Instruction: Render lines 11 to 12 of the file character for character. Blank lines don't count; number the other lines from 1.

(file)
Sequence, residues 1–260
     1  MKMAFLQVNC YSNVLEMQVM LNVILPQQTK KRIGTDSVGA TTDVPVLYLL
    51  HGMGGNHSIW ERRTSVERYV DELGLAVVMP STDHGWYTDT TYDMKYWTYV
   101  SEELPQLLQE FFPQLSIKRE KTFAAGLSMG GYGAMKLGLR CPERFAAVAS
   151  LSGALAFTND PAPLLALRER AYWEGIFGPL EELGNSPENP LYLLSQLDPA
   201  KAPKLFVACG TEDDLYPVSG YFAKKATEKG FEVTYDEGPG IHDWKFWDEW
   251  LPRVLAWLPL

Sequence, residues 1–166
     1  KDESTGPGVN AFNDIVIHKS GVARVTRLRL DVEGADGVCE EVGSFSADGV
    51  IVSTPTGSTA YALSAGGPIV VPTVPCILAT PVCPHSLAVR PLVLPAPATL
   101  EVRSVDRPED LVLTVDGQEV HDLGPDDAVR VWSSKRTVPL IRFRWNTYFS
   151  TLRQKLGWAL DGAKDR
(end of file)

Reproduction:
   101  EVRSVDRPED LVLTVDGQEV HDLGPDDAVR VWSSKRTVPL IRFRWNTYFS
   151  TLRQKLGWAL DGAKDR